Expert Comment – Sexually-transmitted infection rates increasing

LSHTM experts explain why changing sexual behaviours and lack of funding could be behind rise in STI diagnoses
"The data suggest the demographics of STI infection spread is changing and further support the urgent need for renewed sexual health campaigns." Emma Harding-Esch, Associate Professor, LSHTM

In 2023, there were over 400,000 new sexually-transmitted infection (STI) diagnoses in England - an increase of almost 5% on the previous year - according to the latest figures released by the UK Health Security Agency (UKHSA).

UKHSA’s analysis of recorded STI diagnoses and sexual health screens across England showed that between 2022 and 2023, recorded gonorrhoea and syphilis diagnoses increased by 7.5% and 9.4%, respectively.

In women aged 15-24 years, while chlamydia diagnoses were stable between 2022 and 2023 (9.8% and 9.6%, respectively), there was a 2.1% decrease in the number of tests carried out.

Compared to 2019, the year prior to the COVID-19 pandemic, there were also fewer attendances to screening consultations both in-person and virtually.

Commenting on the report, Associate Professor Emma Harding-Esch at the London School of Hygiene & Tropical Medicine (LSHTM) said:

“One reason for the increased rates may be the increased popularity of dating apps, which has enabled people to find sexual partners a lot more easily than previous generations, both locally and internationally, and across ages.

“There is therefore a greater diversity of partners, with more sexual mixing and bridging between “key populations”, leading to more complex sexual networks.

“In addition, we have seen changes in sexual behaviour, for example, a rise in the use of recreational drugs during sex, known as chemsex. This can increase high risk behaviours, such as having condomless sex and multiple sex partners. There may also be less partner notification following a positive STI diagnosis, leading to further onward transmission.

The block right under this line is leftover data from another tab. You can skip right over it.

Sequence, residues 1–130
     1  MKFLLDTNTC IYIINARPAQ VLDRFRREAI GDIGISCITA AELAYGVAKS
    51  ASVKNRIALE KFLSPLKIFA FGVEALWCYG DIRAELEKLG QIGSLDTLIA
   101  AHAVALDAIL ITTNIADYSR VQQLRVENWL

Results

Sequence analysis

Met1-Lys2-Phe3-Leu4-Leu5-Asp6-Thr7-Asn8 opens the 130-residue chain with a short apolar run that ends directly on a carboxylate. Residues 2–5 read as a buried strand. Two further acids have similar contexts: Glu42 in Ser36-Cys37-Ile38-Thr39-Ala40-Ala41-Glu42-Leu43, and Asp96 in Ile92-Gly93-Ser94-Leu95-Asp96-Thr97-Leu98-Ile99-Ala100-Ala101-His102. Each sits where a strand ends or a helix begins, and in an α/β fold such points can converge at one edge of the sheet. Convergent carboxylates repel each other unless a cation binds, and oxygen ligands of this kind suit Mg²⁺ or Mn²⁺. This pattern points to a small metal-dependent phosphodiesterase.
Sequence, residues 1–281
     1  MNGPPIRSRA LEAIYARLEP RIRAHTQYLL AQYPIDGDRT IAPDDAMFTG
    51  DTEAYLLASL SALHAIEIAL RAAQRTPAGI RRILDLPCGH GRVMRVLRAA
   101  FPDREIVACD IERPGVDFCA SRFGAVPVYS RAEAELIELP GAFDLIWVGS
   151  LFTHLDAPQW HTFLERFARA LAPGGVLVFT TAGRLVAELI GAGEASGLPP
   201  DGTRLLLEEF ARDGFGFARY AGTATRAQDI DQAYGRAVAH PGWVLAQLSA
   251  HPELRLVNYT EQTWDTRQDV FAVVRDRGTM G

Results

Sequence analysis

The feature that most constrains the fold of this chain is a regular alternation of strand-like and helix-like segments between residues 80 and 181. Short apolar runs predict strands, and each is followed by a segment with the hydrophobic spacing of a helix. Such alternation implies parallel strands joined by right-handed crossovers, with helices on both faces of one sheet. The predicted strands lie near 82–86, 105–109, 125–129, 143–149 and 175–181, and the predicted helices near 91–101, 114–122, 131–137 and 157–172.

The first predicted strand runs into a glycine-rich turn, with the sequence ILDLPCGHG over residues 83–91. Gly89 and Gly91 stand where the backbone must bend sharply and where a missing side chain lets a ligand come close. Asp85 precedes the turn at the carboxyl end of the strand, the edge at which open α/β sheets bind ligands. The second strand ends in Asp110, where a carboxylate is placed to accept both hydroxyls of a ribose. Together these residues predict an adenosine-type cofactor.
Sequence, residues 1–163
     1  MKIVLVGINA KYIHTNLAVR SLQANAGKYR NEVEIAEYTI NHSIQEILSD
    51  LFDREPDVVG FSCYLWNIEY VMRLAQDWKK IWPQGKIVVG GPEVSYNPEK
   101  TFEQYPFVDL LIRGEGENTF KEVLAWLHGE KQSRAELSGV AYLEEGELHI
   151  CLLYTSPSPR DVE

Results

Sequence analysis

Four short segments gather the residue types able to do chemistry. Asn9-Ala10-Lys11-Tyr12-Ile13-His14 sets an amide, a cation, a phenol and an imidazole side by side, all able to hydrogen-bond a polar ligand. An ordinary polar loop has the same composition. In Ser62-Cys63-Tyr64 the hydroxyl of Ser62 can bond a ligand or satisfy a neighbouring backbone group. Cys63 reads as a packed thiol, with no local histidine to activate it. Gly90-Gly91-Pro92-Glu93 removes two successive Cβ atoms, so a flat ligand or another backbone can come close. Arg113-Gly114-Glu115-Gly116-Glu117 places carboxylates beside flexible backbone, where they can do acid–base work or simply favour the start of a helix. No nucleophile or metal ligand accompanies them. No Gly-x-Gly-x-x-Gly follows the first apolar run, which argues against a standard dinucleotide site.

“Research projects, such as Natsal-4, are currently looking into how our sexual behaviours have changed, to gain insight into the complex and multifaceted reasons behind this continuing rise in STIs.

“There have also been great advances in medicines that can help prevent HIV transmission, so while the fear of contracting HIV has minimised, it’s important to remember that there are still many STIs circulating that can be passed from person-to-person and lead to reproductive and sexual health complications.

“It’s also important to note that the UK is not the only country seeing these trends – they are a global phenomenon. There are examples of STIs across the globe that should have already been eliminated but haven’t been due to a lack of policy and funding.

“One such example is congenital syphilis. While we have effective tests and treatments, a lack of routine screening and treatment regimens means mother-to-child transmission continues, with devastating consequences. We’re at risk of seeing more examples develop if we don’t tackle this challenge now.

“The data suggest the demographics of STI infection spread is changing and further support the urgent need for renewed sexual health campaigns.”

Associate Professor Emma Slaymaker at LSHTM said:

“It’s well-known that STIs disproportionally affect marginalised groups and predominantly impact young people aged 15 to 24 years.

“While previous reports have shown a higher incidence of STI diagnoses among gay, bisexual and other men who have sex with men, the latest figures from the UKHSA now show a larger increase in syphilis diagnoses among heterosexual men and women.

“The way we test for STIs is also evolving. While the scale up of online consultations has increased the number of people seeking advice and support, we must recognise that this can also perpetuate inequalities, as some people may not have access to these services.

“In the UK, public health budgets have been relentlessly cut, but sexual health services are still being asked to do more. Patients are struggling to access the care they need and if they’re unable to determine their own STI status, how can we expect rates across communities to decrease?

“The latest STI figures must be a wakeup call, and funding for sexual health services across the UK needs to be prioritised.”


Associate Professors Emma Harding-Esch and Emma Slaymaker are both co-directors of LSHTM’s WHO Collaborating Centre for STIs, and LSHTM’s STI Research Interest Group (STIRIG).

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